'2. (a) The total fee for the consulting activity of the supplier for the designing works within the extent and stipulation according to articles 4 and 5 of this agreement and for the consulting activities of the supplier for introduction the production within the extent and stipulation of articles 9 and 10 of this agreement, amounts to Rs. 11,91,735.
The aforesaid amount has been worked out on the basis of 639 man-months calculated in direct proportionate to the number and duration of stay in India of the supplier's specialists and it shall be subject to adjustment of Rs. 1,865 per man per month on the basis of actual number of men and months that the specialists of the suppliers spend in India.
(b) The monthly and other rates stipulated in enclosure No. 5 of this agreement shall be paid monthly by the customer to the supplier for the experts deputed for the technical co-operation in the design works in the plant in compliance with articles 4 and 5 of this agreement and for the consulting activities of the supplier's experts in the introduction and progressive production in the plant according to articles 9 and 10 of this agreement.'
7. Enclosure 2 contains the number and nature of experts to be deputed, while enclosure 5 contain the terms and conditions upon which such experts shall serve in India.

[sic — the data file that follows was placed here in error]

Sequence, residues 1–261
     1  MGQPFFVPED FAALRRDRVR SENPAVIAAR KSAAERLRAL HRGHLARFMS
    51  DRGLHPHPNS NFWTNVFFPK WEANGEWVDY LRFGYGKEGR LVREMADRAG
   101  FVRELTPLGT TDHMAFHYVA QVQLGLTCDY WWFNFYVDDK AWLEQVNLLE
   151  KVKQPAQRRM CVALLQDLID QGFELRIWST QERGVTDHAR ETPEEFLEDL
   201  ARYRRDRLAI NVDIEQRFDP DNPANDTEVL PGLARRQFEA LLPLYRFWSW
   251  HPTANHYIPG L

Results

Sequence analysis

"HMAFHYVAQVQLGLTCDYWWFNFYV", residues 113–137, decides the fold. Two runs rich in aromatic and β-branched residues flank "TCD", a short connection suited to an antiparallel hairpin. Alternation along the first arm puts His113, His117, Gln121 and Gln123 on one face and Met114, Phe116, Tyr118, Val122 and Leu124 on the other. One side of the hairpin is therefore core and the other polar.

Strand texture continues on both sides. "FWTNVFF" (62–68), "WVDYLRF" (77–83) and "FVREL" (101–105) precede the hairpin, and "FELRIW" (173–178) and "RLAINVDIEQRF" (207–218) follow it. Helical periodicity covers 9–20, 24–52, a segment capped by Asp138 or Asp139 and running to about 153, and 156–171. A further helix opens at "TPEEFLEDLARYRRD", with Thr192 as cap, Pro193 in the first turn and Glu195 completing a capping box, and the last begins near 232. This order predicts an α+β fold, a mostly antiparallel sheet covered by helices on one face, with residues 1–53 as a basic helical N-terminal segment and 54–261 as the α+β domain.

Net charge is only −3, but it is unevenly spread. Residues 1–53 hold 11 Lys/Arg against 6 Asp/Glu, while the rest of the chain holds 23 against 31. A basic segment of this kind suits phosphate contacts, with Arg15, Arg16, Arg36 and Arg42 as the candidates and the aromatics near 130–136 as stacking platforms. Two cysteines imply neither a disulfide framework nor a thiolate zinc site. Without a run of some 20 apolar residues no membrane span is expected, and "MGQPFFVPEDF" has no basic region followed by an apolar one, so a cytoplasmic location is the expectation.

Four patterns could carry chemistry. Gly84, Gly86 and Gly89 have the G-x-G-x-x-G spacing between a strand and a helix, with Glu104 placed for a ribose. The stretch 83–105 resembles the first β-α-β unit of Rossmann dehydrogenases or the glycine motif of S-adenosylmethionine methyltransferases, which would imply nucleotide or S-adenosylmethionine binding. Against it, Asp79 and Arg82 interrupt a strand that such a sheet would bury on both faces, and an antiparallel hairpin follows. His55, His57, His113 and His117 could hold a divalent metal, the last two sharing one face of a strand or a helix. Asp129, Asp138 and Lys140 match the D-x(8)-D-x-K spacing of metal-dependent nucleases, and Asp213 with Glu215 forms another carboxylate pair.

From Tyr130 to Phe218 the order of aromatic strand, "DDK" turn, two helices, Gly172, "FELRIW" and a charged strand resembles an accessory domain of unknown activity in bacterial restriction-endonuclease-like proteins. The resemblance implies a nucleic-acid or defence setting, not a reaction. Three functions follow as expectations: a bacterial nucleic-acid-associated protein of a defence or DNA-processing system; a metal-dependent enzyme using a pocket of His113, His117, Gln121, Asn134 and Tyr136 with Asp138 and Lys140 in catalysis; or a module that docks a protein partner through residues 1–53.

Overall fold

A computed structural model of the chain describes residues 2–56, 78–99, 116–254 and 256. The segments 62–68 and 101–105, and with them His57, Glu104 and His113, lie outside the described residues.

8. A reading of the above provisions makes it clear that Skoda, the non-resident company, is charging the Indian company for the technical assistance and consultancy service rendered by it, in two ways, viz., (i) payment of salaries of the personnel deputed by it to India; and (ii) consultancy fee for rendering technical assistance, which the Skoda was to render to the Indian company, was to be rendered only through experts, or the personnel deputed by it; and such personnel had to be paid their salaries during their stay in India or during the period they were working for the Indian company by the Indian company. In addition to this, the Indian company was also made liable to pay a separate consultation fee, as provided for in art. 19(2), as the which we have set out hereinabove, makes it clear that the consultancy fee under the agreement has been arrived at on the basis of 'man-months' calculated in direct proportion to the number and duration of stay in India of the Skoda's specialists and the said amount is subject to adjustment at the rate of Rs. 1,865 per man per month, on the basis of actual number of men and months that the specialists of Skoda spend in India. it may be that a part of this service is attributable to the activity of Skoda in Czechoslovakia (that is a matter which is yet to be decided, and it is precisely for that purpose that the Tribunal has remitted the matter to the ITO) but there can be little doubt that a major part of this service is rendered in India. The Tribunal has directed the assessee to produce a certificate from a qualified chartered accountant in Czechoslovakia stating what exactly is the profit that could be attributed to the consultancy service for the said two assessments years rendered in India, after deducting the expenditure, etc., involved in it; and that is yet to be done. We are, therefore, in agreement with the Tribunal that the consultancy fee earned by Skoda must be deemed mainly to arise from its activity carried on in India and is, accordingly, taxable in the hands of its agent, i.e., Bharat Heavy Plate & Vessels Ltd., Visakhapatnam.